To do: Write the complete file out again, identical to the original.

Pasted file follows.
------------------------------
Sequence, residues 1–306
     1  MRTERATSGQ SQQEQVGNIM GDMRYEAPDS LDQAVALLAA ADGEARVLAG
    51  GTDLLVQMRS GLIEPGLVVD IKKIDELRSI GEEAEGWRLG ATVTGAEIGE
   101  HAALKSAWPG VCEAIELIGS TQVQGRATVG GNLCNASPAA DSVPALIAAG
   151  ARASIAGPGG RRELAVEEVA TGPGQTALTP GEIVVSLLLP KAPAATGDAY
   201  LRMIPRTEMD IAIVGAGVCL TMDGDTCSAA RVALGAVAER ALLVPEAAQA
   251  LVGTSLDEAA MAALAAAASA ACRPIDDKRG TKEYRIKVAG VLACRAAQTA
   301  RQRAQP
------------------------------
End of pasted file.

Sequence, residues 1–306
     1  MRTERATSGQ SQQEQVGNIM GDMRYEAPDS LDQAVALLAA ADGEARVLAG
    51  GTDLLVQMRS GLIEPGLVVD IKKIDELRSI GEEAEGWRLG ATVTGAEIGE
   101  HAALKSAWPG VCEAIELIGS TQVQGRATVG GNLCNASPAA DSVPALIAAG
   151  ARASIAGPGG RRELAVEEVA TGPGQTALTP GEIVVSLLLP KAPAATGDAY
   201  LRMIPRTEMD IAIVGAGVCL TMDGDTCSAA RVALGAVAER ALLVPEAAQA
   251  LVGTSLDEAA MAALAAAASA ACRPIDDKRG TKEYRIKVAG VLACRAAQTA
   301  RQRAQP